Tesla Motors Inc. (TSLA) has been through extreme highs and lows throughout 2013. After Sarah Palin made a comment in the media in April that "Tesla is a loser" the stock went on a rocket ride from $40 per share to $194. But it wasn't just irony, hype or a short squeeze. The most successful electric car maker to date really did get a lot of good press most of the year.
Top Wall Street analysts threw out predictions as high as $300 following impressive earnings reports. In August the National Highway Traffic Safety Administration as well as Consumer Reports called the Tesla Model S the safest car of all time. But in October Tesla fell into a downward spiral following reports of a Model S catching on fire. A few similar incidents occurred through November, pushing the stock below $140.
Model S Innovation
The Model S is Tesla's only release so far and its high price indicates that it is strictly for affluent early adopters who can afford $73,000. Although the Chevy Volt and the Nissan (OTC:NSANY) Leaf are lower priced electric cars and the hybrid Toyota (TM) Prius has been another winner in the new wave of electric cars, it has been Elon Musk's Model S that has captured more exuberant headlines in the financial world. CEO Musk also pioneered PayPal and more recently the upbeat solar installer SolarCity (SCTY).
In many ways Musk has been the most prominent leader in the corporate world to take on the role of visionary since the death of Steve Jobs in 2011. Musk has stated goals of issuing more affordable cars for the middle class by the end of the decade. He has introduced new concepts to the electric car space such as battery swapping at recharging stations. The swap takes less than a few minutes at a cost of $60-$80. One of the most important selling points of the Model S is that it can go 250 miles before recharging.
2013 Q3 Earnings
After the Q2 report helped fuel Tesla on an upward trajectory, the reaction to Q3 was much different. Even though the company generated revenue of $431 million with adjusted non-GAAP revenue of $603 million, the net loss was $38 million. The stock immediately fell over 11 percent on the news. Barclays analyst Brian Johnson stated the stock was valued at $141, which is the territory where it landed in November. Model S deliveries in the third quarter also did not meet his expectations of 5,850 although the 5,500 shipments surpassed Musk's initial guidance of 5,000.
Looking forward, Musk announced the development of an SUV edition called Model X within the next year and a third car priced around $35,000. Musk admitted prior to the release that the stock was over-priced, trading over 700 times earnings. During 2013 the stock has been up as high as 400 percent.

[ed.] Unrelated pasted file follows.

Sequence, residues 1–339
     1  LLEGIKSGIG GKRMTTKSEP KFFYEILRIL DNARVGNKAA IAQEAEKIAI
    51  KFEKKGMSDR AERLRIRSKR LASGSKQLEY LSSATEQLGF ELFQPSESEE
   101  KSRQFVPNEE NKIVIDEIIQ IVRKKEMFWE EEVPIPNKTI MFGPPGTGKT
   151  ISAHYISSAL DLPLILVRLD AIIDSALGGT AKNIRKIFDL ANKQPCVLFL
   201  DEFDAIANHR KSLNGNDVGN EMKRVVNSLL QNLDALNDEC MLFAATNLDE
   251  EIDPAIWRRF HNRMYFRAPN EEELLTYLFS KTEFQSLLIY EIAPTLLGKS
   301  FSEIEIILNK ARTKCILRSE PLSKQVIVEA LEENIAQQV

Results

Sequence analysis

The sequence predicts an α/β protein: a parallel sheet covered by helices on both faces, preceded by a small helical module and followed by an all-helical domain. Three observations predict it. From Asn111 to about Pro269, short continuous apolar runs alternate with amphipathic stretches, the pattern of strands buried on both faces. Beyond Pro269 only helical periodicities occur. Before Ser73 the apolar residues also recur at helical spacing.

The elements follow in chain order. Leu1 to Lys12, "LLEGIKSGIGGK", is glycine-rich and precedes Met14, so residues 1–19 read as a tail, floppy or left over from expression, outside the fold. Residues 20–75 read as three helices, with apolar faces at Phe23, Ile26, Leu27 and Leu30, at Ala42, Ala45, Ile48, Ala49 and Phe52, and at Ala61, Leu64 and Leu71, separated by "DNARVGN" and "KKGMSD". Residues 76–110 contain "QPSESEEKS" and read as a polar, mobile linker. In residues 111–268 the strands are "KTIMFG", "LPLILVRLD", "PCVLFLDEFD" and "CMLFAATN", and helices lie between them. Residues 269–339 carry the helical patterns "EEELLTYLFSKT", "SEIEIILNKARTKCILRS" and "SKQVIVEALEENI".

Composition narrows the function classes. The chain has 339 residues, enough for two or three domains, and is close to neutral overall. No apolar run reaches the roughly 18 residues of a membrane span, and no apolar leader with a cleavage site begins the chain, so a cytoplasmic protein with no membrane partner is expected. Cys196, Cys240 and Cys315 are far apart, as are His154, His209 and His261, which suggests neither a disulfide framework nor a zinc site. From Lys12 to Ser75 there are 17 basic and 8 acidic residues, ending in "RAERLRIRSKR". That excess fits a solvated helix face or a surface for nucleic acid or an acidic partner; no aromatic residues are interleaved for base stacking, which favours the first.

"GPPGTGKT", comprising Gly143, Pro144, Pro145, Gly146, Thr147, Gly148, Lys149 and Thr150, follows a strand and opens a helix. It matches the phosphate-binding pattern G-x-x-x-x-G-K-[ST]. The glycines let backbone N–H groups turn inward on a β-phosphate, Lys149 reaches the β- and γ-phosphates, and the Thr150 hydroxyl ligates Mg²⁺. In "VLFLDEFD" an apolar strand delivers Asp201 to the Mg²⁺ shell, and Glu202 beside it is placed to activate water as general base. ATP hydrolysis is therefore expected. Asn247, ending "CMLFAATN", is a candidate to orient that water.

The amazing ride Tesla enjoyed from April through October resembled the manner in which dotcoms skyrocketed in the late 1990s. Part of that type of market action is driven by hedge funds and other short term traders. By the time the stock had risen to $150 one hedge fund manager, Steven Kiel of Arquitos Capital Management, informed investors that he was skeptical of the stock's long term health. He warned that sentiment could quickly turn on Tesla unless the company has "incredible operational performance" over a long period. He warned that anything less could mean huge losses for investors.
There have been segments of Tesla's surge that could have easily been quick massive gains for hedge funds. But much of the ride has been volatile from a short term trading perspective. At the same time, the stock could have been a "buy and forget" play for anyone who bought prior to September, when the stock began to cool off. Volume has been volatile throughout the run ranging from under 10 million to above 30 million shares.
Part of the reason it's been a dream stock for hedge funds that live and die by technical analysis is that it followed the laws of support and resistance until the news about the fires in October, which faded the stock well below what appeared to be a support level of $160. The new support level below $140 appears to be forming for those who believe that technical analysis matters.
Why Innovation Matters
In the big picture Tesla has a mixed balance sheet and it's very hard to tell what its real value is. But what continues to make it a stock to watch is the fact that it's run by a game changing visionary. In many ways the Model S seems like not only the car of the year but the car of the future, making it a buy at any 2013 price.